The Major League Pinball Championships resumes Tuesday in Los Angeles, with its slick baseballs and plutonium bats and shape-shifting strike zones and death of the slider and bullpen rubble and look-the-other-way racism.
You know. The baseball of the future.
Except that it probably isn't. This is the least baseball-ish World Series ever, and while people are riveted by every bizarre whack-a-mole moment, it doesn't actually translate to the baseball that leads to this kind of baseball.
In other words, the Giants can't do this. The A's probably can't. Most teams can't. And even allowing for the fact that this is the most homer-happy time in the history of the game, Sunday's game, which Houston won 13-12 over Los Angeles, was a Planet 9-level outlier. And if you fell in love with the game based on Sunday night, your disappointment will be palpable.
In fact, that disappointment may be felt as quickly as Tuesday, when Justin Verlander gets the start for Houston.
But the notion that the World Series should be this different than the rest of the season is a fascinating one. Not necessarily a bad one – this is not the Old Fud Hour, and change is irresistible – but a fascinating one.
If Houston and Los Angeles are really that different than everyone else, then good on them for building their teams to reflect that fact. But if the game itself is this much of a car crash throughout an entire season, is it actually sustainable by the sport's current standards, and if not, can the sport change quickly enough to reflect it?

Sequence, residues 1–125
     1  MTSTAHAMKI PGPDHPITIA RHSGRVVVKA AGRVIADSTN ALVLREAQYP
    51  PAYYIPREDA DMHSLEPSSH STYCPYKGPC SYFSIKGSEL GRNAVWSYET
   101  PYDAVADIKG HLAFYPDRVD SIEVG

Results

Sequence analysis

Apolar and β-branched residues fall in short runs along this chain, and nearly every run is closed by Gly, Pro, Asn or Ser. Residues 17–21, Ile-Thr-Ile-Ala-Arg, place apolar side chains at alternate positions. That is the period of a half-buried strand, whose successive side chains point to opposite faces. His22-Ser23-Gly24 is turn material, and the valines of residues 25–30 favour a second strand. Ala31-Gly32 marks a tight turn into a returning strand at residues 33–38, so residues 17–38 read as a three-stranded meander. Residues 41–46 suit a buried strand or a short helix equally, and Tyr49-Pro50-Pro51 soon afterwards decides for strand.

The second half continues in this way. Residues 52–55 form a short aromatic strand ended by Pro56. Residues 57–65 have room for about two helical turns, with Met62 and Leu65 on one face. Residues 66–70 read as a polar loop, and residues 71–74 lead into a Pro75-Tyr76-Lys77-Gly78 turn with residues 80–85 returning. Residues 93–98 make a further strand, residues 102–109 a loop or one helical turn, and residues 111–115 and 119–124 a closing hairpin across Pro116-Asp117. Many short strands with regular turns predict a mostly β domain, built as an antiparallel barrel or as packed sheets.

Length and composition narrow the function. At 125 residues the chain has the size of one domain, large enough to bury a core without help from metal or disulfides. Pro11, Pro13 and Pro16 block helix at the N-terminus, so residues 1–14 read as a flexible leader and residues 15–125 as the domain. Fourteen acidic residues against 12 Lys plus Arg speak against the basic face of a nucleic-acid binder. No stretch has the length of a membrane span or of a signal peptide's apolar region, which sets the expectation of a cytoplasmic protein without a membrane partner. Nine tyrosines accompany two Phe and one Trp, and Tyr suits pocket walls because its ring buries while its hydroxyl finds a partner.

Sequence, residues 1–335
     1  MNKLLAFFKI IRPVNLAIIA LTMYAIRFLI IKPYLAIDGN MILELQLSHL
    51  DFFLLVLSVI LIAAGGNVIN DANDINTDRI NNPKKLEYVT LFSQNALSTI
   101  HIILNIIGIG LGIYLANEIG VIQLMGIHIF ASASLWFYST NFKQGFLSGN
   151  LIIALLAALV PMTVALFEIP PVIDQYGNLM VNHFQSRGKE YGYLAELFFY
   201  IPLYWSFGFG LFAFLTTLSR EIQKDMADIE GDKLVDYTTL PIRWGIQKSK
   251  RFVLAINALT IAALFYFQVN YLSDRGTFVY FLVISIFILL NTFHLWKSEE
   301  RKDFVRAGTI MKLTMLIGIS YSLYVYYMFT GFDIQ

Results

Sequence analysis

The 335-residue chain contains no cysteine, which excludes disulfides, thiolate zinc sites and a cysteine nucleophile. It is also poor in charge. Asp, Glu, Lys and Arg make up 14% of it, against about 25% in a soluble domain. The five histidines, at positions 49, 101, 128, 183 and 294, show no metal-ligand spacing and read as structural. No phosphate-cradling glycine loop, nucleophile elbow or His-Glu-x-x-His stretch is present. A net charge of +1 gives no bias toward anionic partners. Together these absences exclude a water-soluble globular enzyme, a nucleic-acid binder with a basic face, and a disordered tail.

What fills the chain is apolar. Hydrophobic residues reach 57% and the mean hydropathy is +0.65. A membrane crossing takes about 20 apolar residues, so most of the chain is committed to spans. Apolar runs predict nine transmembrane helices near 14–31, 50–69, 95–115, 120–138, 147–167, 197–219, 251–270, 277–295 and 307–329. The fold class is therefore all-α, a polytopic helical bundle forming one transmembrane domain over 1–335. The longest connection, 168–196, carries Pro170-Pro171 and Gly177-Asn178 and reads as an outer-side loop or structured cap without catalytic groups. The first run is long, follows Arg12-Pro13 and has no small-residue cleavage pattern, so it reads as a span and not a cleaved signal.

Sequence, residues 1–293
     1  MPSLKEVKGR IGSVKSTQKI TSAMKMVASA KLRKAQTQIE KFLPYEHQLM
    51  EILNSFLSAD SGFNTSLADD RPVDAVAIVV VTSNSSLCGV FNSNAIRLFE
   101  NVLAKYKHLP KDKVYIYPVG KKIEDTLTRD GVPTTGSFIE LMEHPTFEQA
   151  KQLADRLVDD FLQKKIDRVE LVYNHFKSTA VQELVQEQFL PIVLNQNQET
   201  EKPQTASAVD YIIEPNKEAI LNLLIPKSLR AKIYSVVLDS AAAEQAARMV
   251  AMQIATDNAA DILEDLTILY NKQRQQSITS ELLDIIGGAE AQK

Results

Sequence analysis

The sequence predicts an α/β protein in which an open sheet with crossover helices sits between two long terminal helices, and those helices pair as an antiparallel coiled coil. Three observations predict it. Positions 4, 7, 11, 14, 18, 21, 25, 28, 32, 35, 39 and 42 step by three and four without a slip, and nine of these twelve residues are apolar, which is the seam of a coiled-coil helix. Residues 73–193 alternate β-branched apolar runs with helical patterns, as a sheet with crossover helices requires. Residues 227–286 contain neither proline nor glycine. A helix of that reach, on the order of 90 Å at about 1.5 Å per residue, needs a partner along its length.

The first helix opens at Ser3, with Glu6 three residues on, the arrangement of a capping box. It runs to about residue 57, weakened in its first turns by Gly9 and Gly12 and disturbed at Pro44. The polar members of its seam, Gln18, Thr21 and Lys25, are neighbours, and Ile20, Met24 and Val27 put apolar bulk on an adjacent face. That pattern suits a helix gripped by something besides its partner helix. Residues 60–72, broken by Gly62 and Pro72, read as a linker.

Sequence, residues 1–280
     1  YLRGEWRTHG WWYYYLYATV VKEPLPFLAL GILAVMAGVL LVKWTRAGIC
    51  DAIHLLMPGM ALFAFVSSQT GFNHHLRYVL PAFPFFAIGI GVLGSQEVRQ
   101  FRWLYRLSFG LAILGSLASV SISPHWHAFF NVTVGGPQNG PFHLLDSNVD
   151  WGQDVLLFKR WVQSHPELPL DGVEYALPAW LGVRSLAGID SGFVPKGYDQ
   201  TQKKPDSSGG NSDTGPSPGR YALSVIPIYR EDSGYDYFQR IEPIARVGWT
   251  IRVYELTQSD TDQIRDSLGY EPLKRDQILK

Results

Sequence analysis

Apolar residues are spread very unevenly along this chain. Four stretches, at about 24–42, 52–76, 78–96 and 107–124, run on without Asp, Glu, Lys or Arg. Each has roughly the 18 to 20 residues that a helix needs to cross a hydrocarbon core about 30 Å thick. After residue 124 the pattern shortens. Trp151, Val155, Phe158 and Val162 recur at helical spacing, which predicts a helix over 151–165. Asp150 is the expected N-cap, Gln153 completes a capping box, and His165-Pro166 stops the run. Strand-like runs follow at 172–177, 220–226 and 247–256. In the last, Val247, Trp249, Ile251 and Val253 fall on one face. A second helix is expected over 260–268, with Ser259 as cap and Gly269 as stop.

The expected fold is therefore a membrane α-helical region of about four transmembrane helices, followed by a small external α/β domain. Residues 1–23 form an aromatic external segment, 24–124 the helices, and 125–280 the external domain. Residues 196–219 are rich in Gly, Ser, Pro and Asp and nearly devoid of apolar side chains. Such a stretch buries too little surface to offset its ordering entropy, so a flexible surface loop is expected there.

Yes, this is small-sample-size stuff, but a big rating World Series is going to help arrest what is perceived to be baseball's demographic rot, and imitation is the sincerest form of cashing in. And unlike Bud Selig, who changed much about the game without either intending to or always enjoying it, Rob Manfred is more comfortable with life outside the box. If the slider dies on his watch, and the response is more home runs and eyeballs (on all your available devices, of course), he'll take that in a heartbeat.
And not just him, but the entire hierarchy of the sport. It's too easy to say, "Manfred this," and "Manfred that," just as it is cheap shorthand to substitute the names Goodell, Silver, Bettman and Garber. No, this is baseball at a new crossroads, the extreme of a clear shift toward a strikeout-or-homer sport whose nuances are under subtle but noticeable attack.
And the questions to be asked are "Can this be replicated across the sport?" "Should this be replicated across the sport?" and finally, "If it can't be, what happens to the longterm artistic and financial vitality of the sport?"
Put another way, if Justin Verlander is truly Verlander-esque Tuesday and the final score is 3-1, how many people will be bummed out that it wasn't enough like Sunday? I shudder to think.